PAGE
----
Periodically, American Vogue acknowledges that not every woman has the ‘all-American’ blue-eyed, blond-tressed, blank-faced beauty of Russian models, and attempts to have some diversity on its pages. This has resulted in the ghettoization of the annual ‘Age Issue’ and ‘Shape Issue’ and the odd feature on Ethiopian, Brazilian or “curvy” Victoria’s Secret models.
French Vogue, on the other hand, works on the assumption that we’re all past the need for such tokenism, and then will have an African-themed photo shoot with black face.
The December issue (with Angelina Jolie on a cover whose pink and white writing so suggests Cosmopolitan rather than Vogue that I half-expected the headline ‘The Top Ten Jimmy Choo Clutches to Please Your Man!’) features a tribute to the classic 1948 Cecil Beaton photograph of impossibly-elegant debutantes, but recreated with exclusively with Asian models. To add even more contrast, the Oscar de la Renta gowns and formal tea-sipping poses are paired with punky black Mohawks.
While the juxtaposition of Mohawks, evening gowns and Chinese, Japanese and Korean faces is visually arresting (and drawing on Beaton’s legacy is the kind of witty self-reference that Vogue does so well) I can’t help but feel the picture and the accompanying article by Samantha Chang are a tad patronizing.
Chang quickly moves from recounting the difficulties of growing up as a Korean-American adopted by a white family (a mother-daughter bonding trip to the beauty counter ends in embarrassment) to interviewing designers on why they are allegedly choosing Asian models like never before. Big surprise, none of them have any intelligent explanation, and it’s depressing that the term ‘political correctness’ has replaced ‘feminist’ as the word everyone scrambles away from.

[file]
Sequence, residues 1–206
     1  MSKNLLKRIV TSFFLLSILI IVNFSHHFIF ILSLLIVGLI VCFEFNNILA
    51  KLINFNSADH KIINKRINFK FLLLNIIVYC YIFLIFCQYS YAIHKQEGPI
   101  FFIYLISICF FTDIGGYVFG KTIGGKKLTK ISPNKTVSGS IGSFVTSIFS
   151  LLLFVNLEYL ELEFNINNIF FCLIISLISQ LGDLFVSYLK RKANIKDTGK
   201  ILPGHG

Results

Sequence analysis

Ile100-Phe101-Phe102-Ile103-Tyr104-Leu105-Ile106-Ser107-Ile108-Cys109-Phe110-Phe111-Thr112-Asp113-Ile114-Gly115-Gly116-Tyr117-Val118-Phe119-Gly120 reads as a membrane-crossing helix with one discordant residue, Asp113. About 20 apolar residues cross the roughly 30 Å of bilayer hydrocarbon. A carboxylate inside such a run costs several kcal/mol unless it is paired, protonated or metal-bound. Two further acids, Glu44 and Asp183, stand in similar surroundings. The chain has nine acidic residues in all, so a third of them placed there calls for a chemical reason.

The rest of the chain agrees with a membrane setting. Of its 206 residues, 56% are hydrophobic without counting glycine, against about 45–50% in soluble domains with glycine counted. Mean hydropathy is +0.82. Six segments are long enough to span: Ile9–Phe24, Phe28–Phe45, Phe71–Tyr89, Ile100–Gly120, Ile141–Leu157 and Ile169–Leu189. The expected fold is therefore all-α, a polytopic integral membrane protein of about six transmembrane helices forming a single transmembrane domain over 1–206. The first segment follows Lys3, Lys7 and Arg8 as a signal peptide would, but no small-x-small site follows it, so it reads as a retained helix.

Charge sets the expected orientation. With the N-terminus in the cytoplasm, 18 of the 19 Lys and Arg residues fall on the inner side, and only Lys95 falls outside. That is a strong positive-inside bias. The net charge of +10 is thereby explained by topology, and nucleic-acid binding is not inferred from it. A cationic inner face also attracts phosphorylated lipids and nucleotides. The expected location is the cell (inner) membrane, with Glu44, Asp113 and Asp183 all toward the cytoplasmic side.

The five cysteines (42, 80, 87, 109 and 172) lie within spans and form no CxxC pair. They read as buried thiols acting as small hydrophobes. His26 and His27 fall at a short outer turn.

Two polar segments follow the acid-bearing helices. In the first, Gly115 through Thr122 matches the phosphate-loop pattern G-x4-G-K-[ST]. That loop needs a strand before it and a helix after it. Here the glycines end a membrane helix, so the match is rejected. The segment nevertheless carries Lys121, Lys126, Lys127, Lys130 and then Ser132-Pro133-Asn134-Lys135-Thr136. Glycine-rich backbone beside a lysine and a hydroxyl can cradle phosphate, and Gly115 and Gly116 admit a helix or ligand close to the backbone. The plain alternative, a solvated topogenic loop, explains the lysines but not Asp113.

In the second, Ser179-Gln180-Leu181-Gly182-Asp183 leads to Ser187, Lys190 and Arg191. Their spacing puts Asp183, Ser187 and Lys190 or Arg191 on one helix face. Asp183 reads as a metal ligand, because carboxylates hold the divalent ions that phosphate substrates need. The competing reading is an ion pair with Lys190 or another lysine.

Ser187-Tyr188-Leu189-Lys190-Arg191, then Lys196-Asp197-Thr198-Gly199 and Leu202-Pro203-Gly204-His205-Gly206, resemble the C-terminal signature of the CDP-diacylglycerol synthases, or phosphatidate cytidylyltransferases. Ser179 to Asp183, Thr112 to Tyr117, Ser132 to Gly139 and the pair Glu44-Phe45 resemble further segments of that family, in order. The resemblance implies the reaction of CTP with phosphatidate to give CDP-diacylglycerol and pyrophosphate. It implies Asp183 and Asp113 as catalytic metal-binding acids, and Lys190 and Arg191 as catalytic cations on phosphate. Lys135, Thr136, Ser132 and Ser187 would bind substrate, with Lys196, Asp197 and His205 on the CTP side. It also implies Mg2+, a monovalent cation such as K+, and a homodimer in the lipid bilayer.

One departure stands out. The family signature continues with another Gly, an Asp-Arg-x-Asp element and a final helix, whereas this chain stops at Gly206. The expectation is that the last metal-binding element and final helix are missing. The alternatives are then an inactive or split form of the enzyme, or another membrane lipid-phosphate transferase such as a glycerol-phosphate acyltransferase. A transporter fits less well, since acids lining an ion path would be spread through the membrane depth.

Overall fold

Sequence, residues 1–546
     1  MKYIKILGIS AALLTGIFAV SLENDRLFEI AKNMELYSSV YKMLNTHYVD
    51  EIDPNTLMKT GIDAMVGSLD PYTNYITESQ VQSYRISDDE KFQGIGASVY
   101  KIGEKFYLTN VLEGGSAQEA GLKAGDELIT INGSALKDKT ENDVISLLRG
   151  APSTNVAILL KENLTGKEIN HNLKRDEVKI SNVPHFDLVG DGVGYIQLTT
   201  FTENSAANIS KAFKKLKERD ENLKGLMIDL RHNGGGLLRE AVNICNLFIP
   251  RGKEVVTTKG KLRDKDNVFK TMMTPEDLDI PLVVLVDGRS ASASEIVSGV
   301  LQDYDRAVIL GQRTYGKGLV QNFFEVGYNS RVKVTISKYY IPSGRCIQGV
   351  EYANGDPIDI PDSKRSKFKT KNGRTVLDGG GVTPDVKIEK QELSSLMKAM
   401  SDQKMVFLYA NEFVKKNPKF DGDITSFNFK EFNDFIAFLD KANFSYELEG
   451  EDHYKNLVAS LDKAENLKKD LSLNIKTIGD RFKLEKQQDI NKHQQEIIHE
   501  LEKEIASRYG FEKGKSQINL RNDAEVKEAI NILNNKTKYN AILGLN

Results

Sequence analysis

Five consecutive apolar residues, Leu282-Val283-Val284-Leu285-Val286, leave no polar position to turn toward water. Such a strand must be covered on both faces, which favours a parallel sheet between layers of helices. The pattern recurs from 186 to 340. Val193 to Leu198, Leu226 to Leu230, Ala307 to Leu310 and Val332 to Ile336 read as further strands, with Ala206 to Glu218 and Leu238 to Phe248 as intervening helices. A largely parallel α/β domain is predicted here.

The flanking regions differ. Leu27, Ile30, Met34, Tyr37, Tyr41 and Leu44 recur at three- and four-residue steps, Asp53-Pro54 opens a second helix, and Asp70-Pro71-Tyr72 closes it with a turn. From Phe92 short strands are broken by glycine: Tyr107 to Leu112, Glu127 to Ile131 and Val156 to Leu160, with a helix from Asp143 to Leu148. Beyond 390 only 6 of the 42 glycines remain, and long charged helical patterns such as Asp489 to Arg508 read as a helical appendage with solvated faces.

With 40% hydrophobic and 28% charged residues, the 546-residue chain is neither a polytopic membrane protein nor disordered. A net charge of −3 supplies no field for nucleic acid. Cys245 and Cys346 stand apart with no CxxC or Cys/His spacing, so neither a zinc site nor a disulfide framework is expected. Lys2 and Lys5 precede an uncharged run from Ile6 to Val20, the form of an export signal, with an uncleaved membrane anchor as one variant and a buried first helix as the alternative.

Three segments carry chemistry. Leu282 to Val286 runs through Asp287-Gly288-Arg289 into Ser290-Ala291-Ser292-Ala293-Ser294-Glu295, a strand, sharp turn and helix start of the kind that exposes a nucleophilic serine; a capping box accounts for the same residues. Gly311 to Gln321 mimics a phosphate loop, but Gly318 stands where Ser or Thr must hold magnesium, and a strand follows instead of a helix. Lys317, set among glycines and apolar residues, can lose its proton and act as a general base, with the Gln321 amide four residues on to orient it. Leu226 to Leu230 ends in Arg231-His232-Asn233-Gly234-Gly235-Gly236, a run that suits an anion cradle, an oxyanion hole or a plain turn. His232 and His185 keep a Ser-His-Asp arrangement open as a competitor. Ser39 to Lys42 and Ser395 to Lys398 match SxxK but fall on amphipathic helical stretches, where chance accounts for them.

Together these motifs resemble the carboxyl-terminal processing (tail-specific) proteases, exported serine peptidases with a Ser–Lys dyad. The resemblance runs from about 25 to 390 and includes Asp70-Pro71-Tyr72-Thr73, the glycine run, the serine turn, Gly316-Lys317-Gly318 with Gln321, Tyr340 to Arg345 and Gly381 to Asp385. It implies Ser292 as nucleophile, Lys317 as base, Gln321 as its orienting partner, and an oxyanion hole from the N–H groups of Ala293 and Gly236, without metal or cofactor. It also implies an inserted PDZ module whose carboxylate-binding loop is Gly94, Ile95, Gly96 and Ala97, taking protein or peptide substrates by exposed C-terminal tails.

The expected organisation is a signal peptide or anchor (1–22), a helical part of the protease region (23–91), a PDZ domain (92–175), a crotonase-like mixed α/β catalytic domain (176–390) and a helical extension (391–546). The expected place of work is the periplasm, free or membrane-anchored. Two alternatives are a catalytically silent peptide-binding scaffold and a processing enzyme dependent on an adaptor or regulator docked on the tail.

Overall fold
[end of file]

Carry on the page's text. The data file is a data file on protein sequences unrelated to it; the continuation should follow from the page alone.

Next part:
The booming Eastern economy is touched on, as is the fact that Vogue launched a Chinese edition in 2005, but for the most part the article’s about Asian faces for the Gap and L’Oreal, ie. Asian models being hired by Western companies who mostly sell to white people. The huge, and growing, influence of Chinese and Japanese fashion on the rest of the world, and the potential that in just a few years Chinese Vogue may write about how nice it is that white models are finally walking the catwalks in global fashion-capital Beijing, are ignored.
Asian models are beautiful, of course (as are models from India, Africa, South America and everywhere else in the world) and while it’s good that proverbial ‘main stream America’ is accepting different kinds of beauty, the globalized world of fashion is still learning what globalization truly means.